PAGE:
Charter Schools Report
Chairman Brennan asked Trustee Stansley, UT Board Liaison for Charter Schools, to introduce
Allison Perz, Executive Director of the Ohio Council of Community Schools. Ms. Perz thanked
the trustees and the administration for inviting her to give the annual Charter Schools report to
the UT Board of Trustees.
During her presentation, Ms. Perz reviewed the growth of the organization since the
establishment of the University of Toledo Charter School Council in 1999. In 2003, the Ohio
Council of Community Schools became the designee of the Board for the purpose of authorizing
and overseeing charter schools in Ohio. Updates were given in the areas of staff growth, future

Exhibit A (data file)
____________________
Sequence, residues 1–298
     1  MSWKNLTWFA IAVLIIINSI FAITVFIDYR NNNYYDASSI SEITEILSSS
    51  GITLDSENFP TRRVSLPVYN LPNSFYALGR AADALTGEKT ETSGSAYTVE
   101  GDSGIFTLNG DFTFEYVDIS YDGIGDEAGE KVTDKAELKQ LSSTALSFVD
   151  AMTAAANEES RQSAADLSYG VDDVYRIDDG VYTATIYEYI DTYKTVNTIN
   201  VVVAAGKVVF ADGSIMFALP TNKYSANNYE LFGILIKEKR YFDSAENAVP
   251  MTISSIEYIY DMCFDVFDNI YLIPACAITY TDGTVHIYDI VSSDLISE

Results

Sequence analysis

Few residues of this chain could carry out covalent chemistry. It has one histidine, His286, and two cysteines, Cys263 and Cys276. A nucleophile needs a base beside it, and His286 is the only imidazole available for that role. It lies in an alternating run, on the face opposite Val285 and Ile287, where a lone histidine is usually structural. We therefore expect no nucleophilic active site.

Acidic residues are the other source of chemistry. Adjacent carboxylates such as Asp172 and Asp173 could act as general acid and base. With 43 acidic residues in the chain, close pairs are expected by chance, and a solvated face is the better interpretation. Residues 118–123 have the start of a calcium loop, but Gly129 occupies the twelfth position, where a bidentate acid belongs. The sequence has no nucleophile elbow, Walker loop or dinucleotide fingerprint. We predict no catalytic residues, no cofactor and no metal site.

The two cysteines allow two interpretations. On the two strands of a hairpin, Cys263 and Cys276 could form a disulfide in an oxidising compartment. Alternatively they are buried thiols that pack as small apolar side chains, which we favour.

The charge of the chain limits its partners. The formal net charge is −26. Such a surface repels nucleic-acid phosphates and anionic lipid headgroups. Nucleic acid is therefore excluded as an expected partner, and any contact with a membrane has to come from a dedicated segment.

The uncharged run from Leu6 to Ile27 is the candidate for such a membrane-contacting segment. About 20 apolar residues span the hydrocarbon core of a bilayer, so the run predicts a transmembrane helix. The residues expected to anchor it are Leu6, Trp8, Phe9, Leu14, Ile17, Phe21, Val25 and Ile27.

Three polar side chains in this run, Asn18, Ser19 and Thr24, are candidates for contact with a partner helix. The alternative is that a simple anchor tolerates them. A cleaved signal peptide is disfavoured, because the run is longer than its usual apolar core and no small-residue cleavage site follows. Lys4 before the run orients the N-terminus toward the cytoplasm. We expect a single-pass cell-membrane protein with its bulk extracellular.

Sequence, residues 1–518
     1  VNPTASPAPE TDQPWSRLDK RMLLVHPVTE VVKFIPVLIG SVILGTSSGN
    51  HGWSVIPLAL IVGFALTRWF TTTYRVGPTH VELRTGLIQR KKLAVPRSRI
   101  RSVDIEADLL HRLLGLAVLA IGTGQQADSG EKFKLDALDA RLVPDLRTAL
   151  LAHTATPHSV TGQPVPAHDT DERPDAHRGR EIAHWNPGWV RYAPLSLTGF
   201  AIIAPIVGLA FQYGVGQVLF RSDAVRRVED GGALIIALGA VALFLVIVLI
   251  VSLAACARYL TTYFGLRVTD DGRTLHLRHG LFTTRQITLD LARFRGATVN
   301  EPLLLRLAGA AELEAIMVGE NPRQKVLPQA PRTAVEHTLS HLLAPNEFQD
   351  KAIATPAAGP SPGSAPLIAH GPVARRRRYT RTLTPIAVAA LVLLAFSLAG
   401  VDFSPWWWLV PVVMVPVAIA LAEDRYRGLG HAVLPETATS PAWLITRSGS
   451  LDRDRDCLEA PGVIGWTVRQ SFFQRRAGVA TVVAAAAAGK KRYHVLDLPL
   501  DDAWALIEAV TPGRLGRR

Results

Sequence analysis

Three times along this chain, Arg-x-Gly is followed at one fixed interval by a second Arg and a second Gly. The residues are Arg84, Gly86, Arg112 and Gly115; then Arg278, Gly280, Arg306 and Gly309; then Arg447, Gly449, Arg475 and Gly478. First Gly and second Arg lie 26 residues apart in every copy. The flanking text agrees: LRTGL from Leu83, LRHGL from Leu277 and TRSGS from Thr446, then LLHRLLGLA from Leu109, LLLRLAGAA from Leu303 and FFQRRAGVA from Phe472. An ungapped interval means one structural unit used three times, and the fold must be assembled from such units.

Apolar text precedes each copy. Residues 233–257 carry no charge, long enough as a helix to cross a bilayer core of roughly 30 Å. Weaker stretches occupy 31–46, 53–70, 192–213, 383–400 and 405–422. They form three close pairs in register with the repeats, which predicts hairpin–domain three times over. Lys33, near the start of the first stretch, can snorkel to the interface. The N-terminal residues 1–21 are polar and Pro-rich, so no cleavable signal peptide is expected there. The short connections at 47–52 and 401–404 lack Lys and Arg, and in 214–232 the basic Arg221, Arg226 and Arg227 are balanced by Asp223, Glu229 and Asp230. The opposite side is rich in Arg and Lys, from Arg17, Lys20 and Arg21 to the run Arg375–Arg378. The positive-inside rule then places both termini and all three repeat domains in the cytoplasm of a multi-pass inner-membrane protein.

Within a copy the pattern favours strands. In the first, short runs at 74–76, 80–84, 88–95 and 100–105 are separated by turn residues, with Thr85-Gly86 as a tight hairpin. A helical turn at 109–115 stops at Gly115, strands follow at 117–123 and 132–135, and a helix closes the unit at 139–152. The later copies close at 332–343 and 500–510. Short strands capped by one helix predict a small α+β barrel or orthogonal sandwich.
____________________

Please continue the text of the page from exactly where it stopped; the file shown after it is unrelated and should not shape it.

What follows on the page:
initiatives, service offerings, student assessments, and teacher/professional development. Ms.
Perz also shared statistical breakdowns of student demographics and school locations.
President Johnson indicated he had recently had an opportunity to be briefed on the testing
initiative and noted its potential usefulness in understanding student academic performance and
Trustee Stansley requested that Ms. Perz review the Council’s infrastructure and how the needs
were determined and developed. Ms. Perz reviewed the needs based on statutory obligation and
elements that “just made good business sense”. She also reviewed the staff integration into the
development of infrastructure organizationally over the last year. Ms. Perz closed her
presentation by reiterating her commitment to the development of the Center for Alternative
Education as well as the development of some kind of joint venture project with Toledo Public
Trustee Redmond questioned Ms. Perz on additional student data and plan development for
student services. Trustee Vasquez asked for clarification regarding student population
demographics in the Northwest Ohio region.
Committee on Student Centeredness